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I have directory structure that looks like this:


What i want to do is specify the relative path in Script2.ps1 to look for Script1.ps1 in the directory hirearchy.

This is what i tried in Script2.ps1:

Import-Module ../MasterScript/Script1.ps1

but it does not work and says it cannot find the module.

If i say Import-Module C:\TFS\MasterScript\Script1.ps1, it works fine. What am i missing here?

share|improve this question
Are you sure you are not trying to import anything in script1.ps1 as I have tried this and it works fine? – David Martin Jan 17 '13 at 16:01
Try adding -verbose to your import to see if that throws up any clues. – David Martin Jan 17 '13 at 16:02
up vote 19 down vote accepted

When you use a relative path, it is based off the currently location (obtained via Get-Location) and not the location of the script. Try this instead:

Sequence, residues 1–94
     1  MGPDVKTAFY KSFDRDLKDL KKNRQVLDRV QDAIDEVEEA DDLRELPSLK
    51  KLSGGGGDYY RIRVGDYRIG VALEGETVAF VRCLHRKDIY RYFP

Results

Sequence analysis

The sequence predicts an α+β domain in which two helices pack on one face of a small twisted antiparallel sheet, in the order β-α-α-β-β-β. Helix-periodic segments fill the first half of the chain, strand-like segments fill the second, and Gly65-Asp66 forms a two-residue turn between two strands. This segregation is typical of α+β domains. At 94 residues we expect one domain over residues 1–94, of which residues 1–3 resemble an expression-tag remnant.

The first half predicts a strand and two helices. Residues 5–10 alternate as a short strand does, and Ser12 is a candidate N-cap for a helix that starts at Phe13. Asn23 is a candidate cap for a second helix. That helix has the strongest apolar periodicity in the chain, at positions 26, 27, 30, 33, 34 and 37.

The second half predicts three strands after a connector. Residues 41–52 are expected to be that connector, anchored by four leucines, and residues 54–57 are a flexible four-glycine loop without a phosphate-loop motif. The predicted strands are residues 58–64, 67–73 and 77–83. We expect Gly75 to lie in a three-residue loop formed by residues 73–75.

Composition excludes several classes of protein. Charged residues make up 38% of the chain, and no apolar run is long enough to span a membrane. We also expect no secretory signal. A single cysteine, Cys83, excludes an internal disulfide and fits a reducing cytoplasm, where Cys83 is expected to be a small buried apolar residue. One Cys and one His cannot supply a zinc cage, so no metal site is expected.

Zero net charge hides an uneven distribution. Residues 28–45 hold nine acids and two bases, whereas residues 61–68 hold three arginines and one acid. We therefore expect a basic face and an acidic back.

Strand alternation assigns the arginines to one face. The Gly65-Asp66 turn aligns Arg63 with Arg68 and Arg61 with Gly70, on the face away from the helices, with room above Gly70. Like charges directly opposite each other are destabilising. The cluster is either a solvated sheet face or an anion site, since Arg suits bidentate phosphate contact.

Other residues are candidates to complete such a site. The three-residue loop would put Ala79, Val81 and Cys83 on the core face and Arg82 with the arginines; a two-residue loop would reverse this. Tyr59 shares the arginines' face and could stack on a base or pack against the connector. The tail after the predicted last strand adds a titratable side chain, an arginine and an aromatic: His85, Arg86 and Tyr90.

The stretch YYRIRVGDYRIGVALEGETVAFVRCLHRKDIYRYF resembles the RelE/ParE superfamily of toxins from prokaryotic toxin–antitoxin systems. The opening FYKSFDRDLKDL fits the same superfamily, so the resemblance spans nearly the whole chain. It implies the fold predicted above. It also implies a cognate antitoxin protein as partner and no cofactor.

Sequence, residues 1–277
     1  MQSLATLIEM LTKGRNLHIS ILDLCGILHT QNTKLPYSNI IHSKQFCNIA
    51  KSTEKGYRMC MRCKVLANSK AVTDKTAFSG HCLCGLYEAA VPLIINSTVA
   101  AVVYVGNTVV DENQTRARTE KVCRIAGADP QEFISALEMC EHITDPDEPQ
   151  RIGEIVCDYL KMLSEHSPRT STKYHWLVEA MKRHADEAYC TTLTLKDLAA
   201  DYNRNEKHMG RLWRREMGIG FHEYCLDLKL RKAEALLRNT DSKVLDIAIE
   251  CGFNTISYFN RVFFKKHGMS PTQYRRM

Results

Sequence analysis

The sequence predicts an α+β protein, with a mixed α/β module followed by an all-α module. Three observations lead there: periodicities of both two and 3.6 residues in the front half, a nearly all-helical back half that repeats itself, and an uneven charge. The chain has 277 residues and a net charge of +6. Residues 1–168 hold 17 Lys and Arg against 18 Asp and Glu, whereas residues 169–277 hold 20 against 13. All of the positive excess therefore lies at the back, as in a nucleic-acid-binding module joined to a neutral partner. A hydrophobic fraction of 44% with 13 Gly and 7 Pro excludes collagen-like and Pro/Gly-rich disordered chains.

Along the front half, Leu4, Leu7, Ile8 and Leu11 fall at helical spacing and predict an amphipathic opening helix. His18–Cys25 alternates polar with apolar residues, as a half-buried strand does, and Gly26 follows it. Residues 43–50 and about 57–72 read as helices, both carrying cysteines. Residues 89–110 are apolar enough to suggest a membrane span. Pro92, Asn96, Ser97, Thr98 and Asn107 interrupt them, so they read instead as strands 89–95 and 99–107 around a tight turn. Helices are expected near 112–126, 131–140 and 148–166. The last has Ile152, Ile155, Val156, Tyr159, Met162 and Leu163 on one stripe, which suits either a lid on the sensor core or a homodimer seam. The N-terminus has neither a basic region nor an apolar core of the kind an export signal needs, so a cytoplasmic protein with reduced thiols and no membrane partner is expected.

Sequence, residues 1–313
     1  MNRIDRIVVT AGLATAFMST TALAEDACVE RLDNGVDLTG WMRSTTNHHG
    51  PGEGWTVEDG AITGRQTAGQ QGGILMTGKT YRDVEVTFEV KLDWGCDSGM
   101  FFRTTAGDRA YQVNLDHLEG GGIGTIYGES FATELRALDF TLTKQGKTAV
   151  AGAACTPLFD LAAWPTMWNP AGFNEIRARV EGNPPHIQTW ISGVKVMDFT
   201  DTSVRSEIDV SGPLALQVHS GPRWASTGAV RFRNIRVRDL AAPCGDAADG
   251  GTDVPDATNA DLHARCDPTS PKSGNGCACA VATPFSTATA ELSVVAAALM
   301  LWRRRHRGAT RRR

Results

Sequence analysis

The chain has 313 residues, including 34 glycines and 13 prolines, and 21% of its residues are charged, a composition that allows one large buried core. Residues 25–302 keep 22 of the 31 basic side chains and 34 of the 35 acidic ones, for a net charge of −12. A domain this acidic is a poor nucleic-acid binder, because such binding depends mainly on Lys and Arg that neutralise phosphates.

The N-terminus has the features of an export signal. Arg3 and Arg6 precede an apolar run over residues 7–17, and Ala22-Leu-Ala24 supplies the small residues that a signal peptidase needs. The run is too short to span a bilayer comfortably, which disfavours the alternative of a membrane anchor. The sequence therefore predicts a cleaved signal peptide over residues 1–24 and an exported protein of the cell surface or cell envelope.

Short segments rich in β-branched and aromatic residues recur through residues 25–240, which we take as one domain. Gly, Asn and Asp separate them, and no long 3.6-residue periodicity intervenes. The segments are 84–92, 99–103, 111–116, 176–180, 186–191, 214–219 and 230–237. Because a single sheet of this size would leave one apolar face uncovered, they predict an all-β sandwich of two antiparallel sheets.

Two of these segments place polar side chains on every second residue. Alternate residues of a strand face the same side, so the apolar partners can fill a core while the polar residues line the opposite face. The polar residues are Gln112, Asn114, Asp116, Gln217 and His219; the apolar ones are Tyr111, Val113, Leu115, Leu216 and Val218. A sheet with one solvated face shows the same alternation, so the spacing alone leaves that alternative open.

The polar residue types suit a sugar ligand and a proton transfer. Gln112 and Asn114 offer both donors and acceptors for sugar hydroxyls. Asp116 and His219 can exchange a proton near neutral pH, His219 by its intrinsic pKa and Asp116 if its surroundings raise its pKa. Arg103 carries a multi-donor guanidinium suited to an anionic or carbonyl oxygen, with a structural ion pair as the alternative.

$ScriptDir = Split-Path -parent $MyInvocation.MyCommand.Path
Import-Module $ScriptDir\..\MasterScript\Script.ps1

In PowerShell v3, you can use the automatic variable $PSScriptRoot in scripts to simplify this to:

# PowerShell v3 or higher

#requires -Version 3.0
Import-Module $PSScriptRoot\..\MasterScript\Script.ps1
share|improve this answer
you answer is great however when i says Write-Host $scriptDir, it displays C:\TFS\ChildScript. Is there a way to go one more level up and get C:\TFS in there? I added one $scriptDir1 = Split-Path -Parent $scriptDir and it gives me C:\TFS which is what i want but was wondering if i can add some sort of "level up" argument to the first statement. – Asdfg Jan 17 '13 at 17:05
never mind. i added one more pipe at the end. Split-Path -parent $MyInvocation.MyCommand.Path | Split -parent. Thanks for the help. – Asdfg Jan 17 '13 at 17:10
join-path would be better than adding backslashes yourself. – jpmc26 Feb 13 at 2:41

This worked for me:

$selfPath = (Get-Item -Path "." -Verbose).FullName
$dllRelativePath = "........"
$dllAbsolutePath = Join-Path $selfPath $dllRelativePath
Import-Module $dllAbsolutePath
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